3 Thomas Jefferson On Religion

Thomas Jefferson

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It’s common knowledge today that Thomas Jefferson wasn’t a devout Christian. He was a skeptic who investigated the Bible and many other religious texts, searching for answers about the universe. While Jefferson doubted much of what was written in the Bible, specifically the miracles of Jesus, he did examine the more historical texts and the philosophy of Jesus Christ.

In 1787, Thomas Jefferson wrote a letter to Peter Carr, his nephew, which examined education and the pros and cons of what to learn. The most interesting part is Jefferson’s writing on religion and how it should be studied, in which he told his nephew, ” . . . shake off all the fears and servile prejudices under which weak minds are servilely crouched.” In other words, Carr shouldn’t be afraid to question the text of the Bible. Jefferson also wrote that questioning the existence of God is good, saying, “Question with boldness even the existence of a god; because, if there be one, he must approve of the homage of reason, rather than that of blindfolded fear.”

Jefferson felt that an enlightened man in the era of enlightenment shouldn’t allow himself to be hindered by religion, which he considered to be a tool to hold down the unintelligent. While many hold up the US founding fathers as men of God, extensive evidence shows that Thomas Jefferson was a man who didn’t have such beliefs.

2 Jacqueline Kennedy To Father Joseph Leonard

Jackie Kennedy

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In 1950, Jacqueline “Jackie” Kennedy (then Jacqueline Bouvier), went on a trip to Ireland where she met the esteemed Father Joseph Leonard. Jackie was only 21 when they met for the first time, and Leonard was 73. They quickly became close friends, and Jackie started writing letters to Leonard. Their exchange went on for 14 years, lasting through Jackie’s marriage to John F. Kennedy and his assassination. Although Jackie only met Leonard twice in the 14 years that they wrote to each other, her letters to him displayed a degree of trust that she had with no one else.

Jackie’s letters were very candid; for a woman with a very public life, they are quite revealing. In one letter, After Kennedy was killed, Jackie wrote, “I am so bitter against God.” Jackie then tried to rationalize it, writing, “I think God must have taken Jack to show the world how lost we would be without him but that is a strange way of thinking to me—and god will have a bit of explaining to do if I ever see him.” While Kennedy was still alive, Jackie wrote about her worries that he was cheating on her and equated him to her father, himself a notorious womanizer. She said Kennedy “loves the chase and is bored with the conquest—and once married needs proof he’s still attractive so flirts with other women and resents you.”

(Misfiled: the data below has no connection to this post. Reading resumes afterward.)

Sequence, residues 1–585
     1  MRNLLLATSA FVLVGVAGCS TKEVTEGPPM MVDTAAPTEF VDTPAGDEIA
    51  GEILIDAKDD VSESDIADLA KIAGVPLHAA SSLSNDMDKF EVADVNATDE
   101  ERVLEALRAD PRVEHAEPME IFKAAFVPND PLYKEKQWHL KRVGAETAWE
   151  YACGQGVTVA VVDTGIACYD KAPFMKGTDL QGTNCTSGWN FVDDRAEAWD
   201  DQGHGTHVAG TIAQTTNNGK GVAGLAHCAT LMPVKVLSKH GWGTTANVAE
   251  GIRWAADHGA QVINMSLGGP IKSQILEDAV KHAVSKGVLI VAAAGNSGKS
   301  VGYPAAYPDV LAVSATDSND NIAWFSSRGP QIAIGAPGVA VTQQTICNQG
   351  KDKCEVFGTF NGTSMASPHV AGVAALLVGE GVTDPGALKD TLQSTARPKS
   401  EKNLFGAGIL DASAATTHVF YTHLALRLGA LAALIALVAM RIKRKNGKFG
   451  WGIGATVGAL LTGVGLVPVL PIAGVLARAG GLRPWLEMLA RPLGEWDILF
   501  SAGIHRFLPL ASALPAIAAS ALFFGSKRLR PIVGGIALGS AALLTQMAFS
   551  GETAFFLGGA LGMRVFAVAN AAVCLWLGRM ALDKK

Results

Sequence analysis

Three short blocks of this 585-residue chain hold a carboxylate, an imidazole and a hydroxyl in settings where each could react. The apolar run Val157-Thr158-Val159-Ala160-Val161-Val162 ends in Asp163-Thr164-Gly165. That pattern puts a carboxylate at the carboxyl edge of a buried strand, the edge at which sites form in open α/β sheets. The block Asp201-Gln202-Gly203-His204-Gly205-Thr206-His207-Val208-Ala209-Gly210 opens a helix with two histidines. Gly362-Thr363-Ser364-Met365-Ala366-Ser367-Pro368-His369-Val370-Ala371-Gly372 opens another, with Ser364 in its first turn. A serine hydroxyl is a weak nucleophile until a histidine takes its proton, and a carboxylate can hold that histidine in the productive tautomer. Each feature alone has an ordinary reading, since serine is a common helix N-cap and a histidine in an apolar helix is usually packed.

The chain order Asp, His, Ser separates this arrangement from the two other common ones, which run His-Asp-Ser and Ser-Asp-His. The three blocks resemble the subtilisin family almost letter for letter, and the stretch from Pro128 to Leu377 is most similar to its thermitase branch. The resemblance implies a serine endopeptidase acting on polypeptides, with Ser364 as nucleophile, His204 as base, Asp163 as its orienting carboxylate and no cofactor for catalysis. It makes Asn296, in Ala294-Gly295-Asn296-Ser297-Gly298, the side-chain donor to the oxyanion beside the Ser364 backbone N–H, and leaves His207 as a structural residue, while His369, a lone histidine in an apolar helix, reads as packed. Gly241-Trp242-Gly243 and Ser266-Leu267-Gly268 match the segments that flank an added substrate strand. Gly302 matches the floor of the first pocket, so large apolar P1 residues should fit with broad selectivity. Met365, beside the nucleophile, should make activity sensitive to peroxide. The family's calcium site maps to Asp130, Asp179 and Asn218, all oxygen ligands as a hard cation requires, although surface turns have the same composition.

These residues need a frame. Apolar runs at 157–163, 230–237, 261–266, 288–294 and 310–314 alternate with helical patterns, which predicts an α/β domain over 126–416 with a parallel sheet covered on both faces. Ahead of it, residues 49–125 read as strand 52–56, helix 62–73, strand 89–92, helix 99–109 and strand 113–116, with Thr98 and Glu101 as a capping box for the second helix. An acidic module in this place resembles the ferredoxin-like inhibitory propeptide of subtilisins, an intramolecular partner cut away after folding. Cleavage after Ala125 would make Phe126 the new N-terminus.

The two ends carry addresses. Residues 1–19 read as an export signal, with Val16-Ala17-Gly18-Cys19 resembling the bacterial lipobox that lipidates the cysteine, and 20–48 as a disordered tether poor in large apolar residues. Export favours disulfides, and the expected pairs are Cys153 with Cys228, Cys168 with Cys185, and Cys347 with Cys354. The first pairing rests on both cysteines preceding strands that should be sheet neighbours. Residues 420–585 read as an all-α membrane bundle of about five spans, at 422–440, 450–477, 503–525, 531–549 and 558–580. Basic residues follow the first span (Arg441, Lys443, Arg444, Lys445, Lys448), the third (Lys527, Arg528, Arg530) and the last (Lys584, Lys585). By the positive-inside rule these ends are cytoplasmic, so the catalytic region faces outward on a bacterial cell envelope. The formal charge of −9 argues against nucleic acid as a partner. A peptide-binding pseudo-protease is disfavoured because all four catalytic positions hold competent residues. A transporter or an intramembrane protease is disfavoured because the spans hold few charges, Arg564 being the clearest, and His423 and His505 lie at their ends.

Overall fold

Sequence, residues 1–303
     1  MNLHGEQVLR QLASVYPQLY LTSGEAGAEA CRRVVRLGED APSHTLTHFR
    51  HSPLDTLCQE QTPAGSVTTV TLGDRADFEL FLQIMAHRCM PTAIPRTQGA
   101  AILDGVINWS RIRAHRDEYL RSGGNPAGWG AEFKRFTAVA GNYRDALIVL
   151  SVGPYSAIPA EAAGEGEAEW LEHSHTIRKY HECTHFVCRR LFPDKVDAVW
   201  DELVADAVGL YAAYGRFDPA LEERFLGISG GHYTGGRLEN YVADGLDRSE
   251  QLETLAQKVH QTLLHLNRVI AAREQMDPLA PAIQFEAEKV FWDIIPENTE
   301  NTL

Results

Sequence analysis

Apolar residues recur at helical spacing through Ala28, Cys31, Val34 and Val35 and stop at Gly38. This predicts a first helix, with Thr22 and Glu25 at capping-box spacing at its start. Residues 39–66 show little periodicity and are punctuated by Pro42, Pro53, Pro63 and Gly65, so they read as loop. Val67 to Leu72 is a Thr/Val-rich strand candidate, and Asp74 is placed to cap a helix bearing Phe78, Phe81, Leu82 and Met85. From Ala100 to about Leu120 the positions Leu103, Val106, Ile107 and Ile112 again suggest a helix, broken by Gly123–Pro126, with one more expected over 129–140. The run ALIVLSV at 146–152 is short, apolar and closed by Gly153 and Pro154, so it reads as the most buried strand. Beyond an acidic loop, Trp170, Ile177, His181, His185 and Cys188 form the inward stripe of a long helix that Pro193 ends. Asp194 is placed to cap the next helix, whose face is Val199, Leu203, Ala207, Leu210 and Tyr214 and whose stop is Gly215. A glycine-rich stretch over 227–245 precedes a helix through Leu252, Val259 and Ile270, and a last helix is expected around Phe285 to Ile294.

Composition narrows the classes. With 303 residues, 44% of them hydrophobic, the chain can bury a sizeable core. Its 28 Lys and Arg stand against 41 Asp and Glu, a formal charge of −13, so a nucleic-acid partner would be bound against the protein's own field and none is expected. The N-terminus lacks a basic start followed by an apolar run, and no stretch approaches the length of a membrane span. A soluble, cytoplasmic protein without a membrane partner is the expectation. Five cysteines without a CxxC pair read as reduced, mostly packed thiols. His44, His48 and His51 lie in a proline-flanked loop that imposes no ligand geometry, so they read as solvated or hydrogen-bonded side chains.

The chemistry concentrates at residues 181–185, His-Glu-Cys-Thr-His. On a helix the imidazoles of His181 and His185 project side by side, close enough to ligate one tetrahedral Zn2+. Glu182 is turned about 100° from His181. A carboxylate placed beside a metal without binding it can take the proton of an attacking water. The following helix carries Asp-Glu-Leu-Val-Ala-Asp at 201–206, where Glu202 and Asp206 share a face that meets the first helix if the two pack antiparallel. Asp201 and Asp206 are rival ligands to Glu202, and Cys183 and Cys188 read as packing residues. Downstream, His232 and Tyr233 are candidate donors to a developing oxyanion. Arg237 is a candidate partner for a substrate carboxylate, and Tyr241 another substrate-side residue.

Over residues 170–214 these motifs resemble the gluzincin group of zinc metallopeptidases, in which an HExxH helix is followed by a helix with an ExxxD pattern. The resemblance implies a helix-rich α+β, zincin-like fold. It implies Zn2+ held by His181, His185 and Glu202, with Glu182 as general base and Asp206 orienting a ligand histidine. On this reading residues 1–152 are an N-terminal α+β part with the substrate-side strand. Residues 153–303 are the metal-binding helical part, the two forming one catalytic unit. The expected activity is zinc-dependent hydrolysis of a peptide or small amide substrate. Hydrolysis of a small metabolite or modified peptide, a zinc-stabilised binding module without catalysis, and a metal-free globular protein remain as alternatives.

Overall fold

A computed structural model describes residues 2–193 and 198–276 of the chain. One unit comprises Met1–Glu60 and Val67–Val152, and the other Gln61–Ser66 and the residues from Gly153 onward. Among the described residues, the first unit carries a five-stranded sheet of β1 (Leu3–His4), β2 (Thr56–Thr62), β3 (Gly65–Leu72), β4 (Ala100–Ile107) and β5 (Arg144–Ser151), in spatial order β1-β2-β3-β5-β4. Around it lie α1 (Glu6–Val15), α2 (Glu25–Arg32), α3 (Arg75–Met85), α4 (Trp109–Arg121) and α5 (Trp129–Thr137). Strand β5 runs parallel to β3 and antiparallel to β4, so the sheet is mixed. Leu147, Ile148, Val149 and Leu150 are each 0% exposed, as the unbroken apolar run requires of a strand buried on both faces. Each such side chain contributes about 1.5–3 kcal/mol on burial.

In another letter, Jackie gave her opinion about Kennedy’s mother, Rose: “I don’t think Jack’s mother is too bright—and she would rather say a rosary than read a book.” Finally, Jackie acknowledged her own vulnerability and wrote about how Father Leonard was shaping her mindset, saying:

It seems to me you know everything and from all you’ve read and learned you can pick and choose the most lovely things for me. Does it give you a sense of power to think you’re molding someone else mind and taste? I hope it does and certainly no one ever had a more willing piece of putty to work with.

1 Queen Victoria And John Brown

Victoria and Brown

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Queen Victoria was and is one of the most beloved monarchs in England’s history. She led her country as it became one of the biggest empires of all time and worked intensely to improve the state of Britain. While the Victorian Era is almost a byword for repression, many still indulged in illicit sexual relations. Because of her position, Victoria had to remain aloof and chaste. However, her private life was pretty interesting when it came to love and lovers.

Today, many historians have found Queen Victoria’s relationship with John Brown, her highland servant, intriguing. While many knew that she had a close relationship with Brown, the exact nature of their dynamic is up for debate. A letter written by Victoria seems to prove the theory that she and Brown had a romantic relationship. The letter was vague, but it clearly indicated that Victoria loved Brown. In it, she described Brown’s qualities: “Perhaps never in history was there so strong and true an attachment, so warm and loving a friendship between the sovereign and servant . . . ”

Queen Victoria was a woman who showed very little sentiment toward anyone, but to John Brown, she changed her tune. The only other person who Victoria was so emotional to was her dead husband, Prince Albert. Whatever the case, Queen Victoria’s letter showed that even the most noble of us still desire companionship.

Gordon Gora is a struggling author who is desperately trying to make it. He is working on several projects but until he finishes one, he will write for Listverse for his bread and butter. You can write him at [email protected].